19. Daytime temperatures are warm, and it rarely rains. September and October are ideal, when the warmth is sufficient to shield you on the beach in the southern states and the wildflowers of Western Australia are in bloom.

Hostels start at 20 AUD per night for a dorm room, though they get as high as 40 in the big coastal cities. Private rooms with a double bed and a shared bathroom in hostels range between 80-100 AUD per night.

20. For budget hotels, you are looking to spend at least around 75-95 AUD for a double room, private bathroom, TV, and breakfast. Larger, chain hotels cost closer to 200 AUD. Camping costs between 15-30 AUD per night (cheaper if you bring your own tent, more expensive if you’re parking an RV).

The Best Bike Lights-At A Glance

Choosing new bike lights can be daunting when you see how many are on the market. There are more brands and styles than ever before and no matter what your needs or your budget you will be sure to find the best bike lights for your needs online. The online availability of bike lights is far vaster than ever before so there is no excuse to be without the very latest. The best bike lights for one person may not be the best for the next, with different cycling habits and therefore different needs; everyone should choose their new lights with care. As there are so many different lights available today, there is no need to simply buy the first lights you spot; take your time to read reviews and do some research. Finding the best bike lights for your needs is important as cycling is sometimes dangerous if you are not well equipped and well prepared.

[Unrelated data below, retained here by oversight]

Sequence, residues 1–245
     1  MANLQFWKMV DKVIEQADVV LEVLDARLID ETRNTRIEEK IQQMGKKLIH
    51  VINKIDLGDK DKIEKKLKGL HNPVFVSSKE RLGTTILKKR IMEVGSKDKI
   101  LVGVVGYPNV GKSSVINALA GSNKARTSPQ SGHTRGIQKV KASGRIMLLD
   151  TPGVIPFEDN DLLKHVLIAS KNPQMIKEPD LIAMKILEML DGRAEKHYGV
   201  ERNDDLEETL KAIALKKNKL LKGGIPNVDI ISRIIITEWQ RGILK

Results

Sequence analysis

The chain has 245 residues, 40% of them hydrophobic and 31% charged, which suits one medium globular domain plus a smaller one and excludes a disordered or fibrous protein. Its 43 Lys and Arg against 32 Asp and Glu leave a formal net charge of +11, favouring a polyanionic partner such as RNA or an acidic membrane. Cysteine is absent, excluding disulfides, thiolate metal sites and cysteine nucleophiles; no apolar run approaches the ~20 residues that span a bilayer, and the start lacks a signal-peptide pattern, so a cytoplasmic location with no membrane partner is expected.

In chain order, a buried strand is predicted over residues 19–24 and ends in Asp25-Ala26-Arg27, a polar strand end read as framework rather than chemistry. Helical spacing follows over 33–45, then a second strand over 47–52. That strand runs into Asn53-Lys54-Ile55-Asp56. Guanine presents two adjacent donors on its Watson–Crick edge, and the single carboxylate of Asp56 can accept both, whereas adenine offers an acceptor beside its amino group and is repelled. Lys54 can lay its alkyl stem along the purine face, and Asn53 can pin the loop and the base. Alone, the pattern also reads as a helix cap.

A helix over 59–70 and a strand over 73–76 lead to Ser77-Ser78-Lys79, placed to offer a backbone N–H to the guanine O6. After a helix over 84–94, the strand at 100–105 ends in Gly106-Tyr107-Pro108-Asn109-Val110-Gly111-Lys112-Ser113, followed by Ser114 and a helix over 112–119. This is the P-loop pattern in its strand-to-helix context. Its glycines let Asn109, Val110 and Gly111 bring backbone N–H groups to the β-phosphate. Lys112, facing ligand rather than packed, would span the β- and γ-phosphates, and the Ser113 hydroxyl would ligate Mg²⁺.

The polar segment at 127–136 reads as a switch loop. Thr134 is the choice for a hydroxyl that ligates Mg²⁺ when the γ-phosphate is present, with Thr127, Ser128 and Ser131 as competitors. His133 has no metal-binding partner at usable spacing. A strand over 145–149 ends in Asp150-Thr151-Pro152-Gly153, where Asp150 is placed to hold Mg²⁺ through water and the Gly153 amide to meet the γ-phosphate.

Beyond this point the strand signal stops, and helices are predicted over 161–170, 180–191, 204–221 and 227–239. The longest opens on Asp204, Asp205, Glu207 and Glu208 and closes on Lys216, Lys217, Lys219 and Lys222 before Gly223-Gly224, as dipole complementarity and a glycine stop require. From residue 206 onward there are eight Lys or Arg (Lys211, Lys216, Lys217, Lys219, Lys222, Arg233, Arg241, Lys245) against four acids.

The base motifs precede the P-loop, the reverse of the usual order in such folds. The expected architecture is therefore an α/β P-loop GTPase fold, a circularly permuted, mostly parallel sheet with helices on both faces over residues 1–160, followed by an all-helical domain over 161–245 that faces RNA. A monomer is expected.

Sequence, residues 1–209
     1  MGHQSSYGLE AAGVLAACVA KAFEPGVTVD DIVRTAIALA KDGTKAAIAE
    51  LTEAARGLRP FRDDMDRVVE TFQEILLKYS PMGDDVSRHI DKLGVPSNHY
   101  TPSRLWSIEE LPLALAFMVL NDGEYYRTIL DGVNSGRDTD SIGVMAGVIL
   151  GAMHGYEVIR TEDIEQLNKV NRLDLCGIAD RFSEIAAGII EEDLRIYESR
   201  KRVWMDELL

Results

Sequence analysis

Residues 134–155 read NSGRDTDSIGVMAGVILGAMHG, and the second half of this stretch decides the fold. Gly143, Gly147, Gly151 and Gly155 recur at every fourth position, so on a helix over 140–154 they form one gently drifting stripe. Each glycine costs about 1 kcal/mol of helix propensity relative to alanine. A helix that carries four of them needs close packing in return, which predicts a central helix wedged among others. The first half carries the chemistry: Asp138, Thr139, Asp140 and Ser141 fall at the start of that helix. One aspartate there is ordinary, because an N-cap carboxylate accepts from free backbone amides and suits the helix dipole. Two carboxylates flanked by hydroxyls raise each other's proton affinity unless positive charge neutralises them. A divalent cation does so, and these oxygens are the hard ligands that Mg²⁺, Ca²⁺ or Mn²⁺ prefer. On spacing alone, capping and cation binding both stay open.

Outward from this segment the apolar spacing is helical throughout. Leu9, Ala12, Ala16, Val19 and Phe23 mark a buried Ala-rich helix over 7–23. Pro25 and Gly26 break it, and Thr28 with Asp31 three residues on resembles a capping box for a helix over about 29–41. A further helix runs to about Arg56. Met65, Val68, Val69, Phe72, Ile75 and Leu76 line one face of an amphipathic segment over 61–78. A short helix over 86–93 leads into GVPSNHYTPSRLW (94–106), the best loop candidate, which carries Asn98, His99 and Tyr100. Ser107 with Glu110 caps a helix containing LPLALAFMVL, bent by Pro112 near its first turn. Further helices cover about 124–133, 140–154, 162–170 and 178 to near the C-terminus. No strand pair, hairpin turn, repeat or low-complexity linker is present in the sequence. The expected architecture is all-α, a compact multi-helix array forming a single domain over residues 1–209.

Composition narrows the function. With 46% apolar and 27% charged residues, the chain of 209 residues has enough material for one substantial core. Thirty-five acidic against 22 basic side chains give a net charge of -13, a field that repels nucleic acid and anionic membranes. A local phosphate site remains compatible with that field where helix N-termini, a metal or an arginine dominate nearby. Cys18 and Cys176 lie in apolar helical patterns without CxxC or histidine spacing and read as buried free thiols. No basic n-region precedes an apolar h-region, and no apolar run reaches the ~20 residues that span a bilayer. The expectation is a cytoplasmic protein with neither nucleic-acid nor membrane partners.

The best bike lights for commuting

If you are a commuter and usually travel by public transport or by car, then you will know that cycling is far preferable to either option! Cheap and fast, cycling is a great way to get to your place of work; not only because of the fact that you save time and money but also because of the fact that it is an excellent way of getting fit and staying fit. The best lights for commuters who may mainly be cycling during daylight hours are a basic set; there should be no need for headlamps for instance although reflective clothing can be extremely useful during dark winter days when the light is poor, particularly in the mornings and early evenings. Reflective clothing can include high visibility vests, jackets or simple armbands. These can be equipped with reflective strips and even flashing LED lights for super visibility.

The best bike lights for rural riders

If you live in a rural area or if you plan on taking trips into rural areas on your cycle then you may need to choose your cycle with more care. The best bike lights for riding in poorly lit country lanes are the same as any others in that you and your cycle need to be visible, but another dimension is added by the fact that rural areas are often badly lit or indeed not lit at all by street lamps or even by the lights of nearby buildings. In cases like this, a headlamp can be extremely useful for cyclists to see what is around them, directional light like this can be placed where the cyclist chooses and in this way, rough roads and natural obstacles can be effectively avoided. There is no doubt that riding a cycle which is well-lit, can heavily reduce the chances of an accident occurring; a visible rider is usually a safe rider. Remember that money spent on equipment to keep you safe is money well-spent. Don’t stint on helmets and bike lights as they could well save your life.